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Increased vitamin C can protect against cataracts, study says

Higher levels of vitamin C in the diet, not from supplements, was linked to slowing the progression of cataracts by one-third over a decade.
By Stephen Feller   |   March 24, 2016 at 10:00 AM

LONDON, March 24 (UPI) -- People with higher dietary intake of vitamin C saw cataract progression decrease by one-third over the course of a decade, according to researchers in England.

A King's College London study, published in the journal Ophthalmology, found vitamin C had a protective effect against cataracts getting worse during a long-term study of twins.

Cataracts, a slow clouding of the eye lens, cause blurred vision, glare and dazzle that can only be corrected with surgery, and is the most common cause of blindness in people over 40.

"The findings of this study could have significant impact, particularly for the ageing population globally by suggesting that simple dietary changes such as increased intake of fruit and vegetables as part of a healthier diet could help protect them from cataracts," Chris Hammond, a professor at King's College London, said in a press release.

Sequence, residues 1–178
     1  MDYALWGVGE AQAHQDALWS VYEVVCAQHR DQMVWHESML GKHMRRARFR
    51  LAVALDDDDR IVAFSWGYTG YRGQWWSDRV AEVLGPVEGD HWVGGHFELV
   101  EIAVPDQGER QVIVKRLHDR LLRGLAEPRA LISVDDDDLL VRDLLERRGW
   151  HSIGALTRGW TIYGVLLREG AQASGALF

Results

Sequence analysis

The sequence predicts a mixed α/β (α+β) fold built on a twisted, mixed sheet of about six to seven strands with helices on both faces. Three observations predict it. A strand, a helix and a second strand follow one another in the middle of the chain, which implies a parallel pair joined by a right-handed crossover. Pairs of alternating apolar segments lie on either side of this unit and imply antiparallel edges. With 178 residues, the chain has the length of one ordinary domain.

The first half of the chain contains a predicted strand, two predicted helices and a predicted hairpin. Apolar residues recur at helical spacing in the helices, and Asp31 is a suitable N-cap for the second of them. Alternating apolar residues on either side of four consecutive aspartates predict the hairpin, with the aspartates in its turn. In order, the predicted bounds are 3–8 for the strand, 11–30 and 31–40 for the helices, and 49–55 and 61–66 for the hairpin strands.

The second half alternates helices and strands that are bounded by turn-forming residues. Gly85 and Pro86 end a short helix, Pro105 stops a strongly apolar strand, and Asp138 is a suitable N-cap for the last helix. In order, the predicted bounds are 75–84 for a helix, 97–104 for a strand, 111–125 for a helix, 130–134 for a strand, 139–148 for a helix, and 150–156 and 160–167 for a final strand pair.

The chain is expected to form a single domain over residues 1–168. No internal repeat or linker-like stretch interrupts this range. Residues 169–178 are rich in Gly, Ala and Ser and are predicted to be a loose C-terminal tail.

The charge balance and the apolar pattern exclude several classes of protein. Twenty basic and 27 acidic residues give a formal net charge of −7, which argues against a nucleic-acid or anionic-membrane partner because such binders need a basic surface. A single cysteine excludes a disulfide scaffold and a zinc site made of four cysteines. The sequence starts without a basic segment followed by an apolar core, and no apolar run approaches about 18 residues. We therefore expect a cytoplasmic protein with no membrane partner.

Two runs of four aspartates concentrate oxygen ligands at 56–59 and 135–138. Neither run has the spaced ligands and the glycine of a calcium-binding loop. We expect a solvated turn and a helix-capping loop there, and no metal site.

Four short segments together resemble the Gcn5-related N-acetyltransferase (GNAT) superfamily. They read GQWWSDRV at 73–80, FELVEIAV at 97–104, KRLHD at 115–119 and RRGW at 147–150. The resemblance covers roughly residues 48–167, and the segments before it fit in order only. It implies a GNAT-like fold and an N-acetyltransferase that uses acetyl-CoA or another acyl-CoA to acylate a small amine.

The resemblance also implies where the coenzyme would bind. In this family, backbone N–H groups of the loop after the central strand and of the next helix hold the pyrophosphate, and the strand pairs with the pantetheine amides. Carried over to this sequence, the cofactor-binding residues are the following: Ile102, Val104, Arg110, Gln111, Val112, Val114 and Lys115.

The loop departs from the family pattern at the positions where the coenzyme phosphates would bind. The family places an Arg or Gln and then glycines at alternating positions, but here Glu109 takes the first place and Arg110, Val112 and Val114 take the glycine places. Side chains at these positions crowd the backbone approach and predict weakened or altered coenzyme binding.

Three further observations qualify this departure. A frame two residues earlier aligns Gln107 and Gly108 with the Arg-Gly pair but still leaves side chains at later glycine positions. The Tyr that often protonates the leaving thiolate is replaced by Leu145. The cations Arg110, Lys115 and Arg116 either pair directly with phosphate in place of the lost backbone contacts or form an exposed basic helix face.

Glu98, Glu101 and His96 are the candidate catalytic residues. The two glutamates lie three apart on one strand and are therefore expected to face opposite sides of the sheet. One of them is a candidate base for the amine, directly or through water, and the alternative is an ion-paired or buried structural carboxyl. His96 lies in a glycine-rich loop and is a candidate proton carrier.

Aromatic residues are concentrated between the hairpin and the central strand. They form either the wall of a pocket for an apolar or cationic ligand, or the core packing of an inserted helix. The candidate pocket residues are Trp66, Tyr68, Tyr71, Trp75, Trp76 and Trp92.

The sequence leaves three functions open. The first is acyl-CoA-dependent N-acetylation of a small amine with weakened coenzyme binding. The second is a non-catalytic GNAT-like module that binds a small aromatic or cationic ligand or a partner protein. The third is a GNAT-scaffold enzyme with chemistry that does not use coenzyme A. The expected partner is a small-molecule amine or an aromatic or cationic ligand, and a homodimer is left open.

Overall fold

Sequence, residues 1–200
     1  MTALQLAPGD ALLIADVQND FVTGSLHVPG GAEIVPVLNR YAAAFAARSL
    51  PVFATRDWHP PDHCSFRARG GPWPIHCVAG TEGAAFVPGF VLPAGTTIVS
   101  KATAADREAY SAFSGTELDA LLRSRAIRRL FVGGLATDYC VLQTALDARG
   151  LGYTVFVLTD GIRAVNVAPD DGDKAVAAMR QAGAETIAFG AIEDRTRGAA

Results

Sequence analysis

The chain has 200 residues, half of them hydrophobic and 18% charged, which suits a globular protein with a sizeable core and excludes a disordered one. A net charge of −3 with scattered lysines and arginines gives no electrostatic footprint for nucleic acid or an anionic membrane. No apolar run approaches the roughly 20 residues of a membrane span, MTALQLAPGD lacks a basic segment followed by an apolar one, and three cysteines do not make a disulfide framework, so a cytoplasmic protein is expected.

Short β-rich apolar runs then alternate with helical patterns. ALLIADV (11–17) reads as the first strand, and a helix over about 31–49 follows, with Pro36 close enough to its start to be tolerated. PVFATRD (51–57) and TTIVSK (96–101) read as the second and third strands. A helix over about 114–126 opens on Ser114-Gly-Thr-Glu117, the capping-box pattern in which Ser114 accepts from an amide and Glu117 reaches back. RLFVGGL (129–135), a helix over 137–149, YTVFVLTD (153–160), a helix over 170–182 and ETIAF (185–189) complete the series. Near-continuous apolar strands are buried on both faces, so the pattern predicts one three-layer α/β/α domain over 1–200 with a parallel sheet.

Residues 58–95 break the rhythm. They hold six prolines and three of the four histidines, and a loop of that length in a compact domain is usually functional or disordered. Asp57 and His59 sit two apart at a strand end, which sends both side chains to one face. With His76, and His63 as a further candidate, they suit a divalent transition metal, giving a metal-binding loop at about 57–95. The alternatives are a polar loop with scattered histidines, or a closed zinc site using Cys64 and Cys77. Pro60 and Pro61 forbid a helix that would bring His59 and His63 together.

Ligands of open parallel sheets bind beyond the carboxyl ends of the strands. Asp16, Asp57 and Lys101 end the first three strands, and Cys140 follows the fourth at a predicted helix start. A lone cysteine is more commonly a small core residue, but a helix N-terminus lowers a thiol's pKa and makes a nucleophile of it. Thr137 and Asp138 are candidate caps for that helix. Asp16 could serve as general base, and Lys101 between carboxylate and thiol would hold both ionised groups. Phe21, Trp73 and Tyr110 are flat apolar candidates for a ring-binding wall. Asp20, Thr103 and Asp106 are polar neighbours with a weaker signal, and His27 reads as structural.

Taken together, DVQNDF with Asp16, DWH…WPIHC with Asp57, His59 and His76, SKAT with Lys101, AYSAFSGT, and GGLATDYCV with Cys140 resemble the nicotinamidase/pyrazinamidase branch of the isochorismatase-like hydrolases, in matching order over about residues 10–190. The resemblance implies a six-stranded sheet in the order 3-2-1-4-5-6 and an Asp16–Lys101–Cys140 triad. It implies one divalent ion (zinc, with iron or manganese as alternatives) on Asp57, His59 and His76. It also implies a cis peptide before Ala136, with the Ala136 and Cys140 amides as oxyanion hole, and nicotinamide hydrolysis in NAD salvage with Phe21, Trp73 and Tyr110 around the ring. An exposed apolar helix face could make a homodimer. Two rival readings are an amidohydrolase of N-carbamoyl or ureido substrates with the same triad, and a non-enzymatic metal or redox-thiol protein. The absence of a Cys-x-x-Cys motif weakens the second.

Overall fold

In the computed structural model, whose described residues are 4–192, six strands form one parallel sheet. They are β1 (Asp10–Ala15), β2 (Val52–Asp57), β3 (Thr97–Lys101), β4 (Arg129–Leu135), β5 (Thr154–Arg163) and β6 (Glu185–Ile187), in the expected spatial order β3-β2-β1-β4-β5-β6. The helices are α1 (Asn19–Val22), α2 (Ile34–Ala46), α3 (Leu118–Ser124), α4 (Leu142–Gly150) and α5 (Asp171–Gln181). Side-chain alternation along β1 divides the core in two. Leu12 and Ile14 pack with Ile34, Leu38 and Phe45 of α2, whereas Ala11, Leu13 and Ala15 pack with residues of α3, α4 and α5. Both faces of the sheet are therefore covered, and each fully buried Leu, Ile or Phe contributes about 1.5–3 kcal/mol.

For the study, researchers analyzed cataract measurement and dietary records for 324 pairs of twins in the TwinsUK cohort collected over the course of about 10 years.

Participants who consumed more vitamin C as part of their diet, rather than in supplements, were found to have cataracts that progressed about 33 percent less than people with lower levels of vitamin C in their diet.

While the researchers note conclusions based on the study should be limited, because participants were predominantly British women between the ages of 60 and 70, and other parts of their diets may also have an effect on how their cataracts progress.

Regardless, the researchers said the study suggests a possible benefit from more dietary vitamin C, which the body needs anyway.

"While we cannot avoid getting older, diabetes and smoking are also risk factors for this type of cataract, and so a healthy balanced diet and lifestyle generally should reduce the risk of needing a cataract operation," Hammond said.

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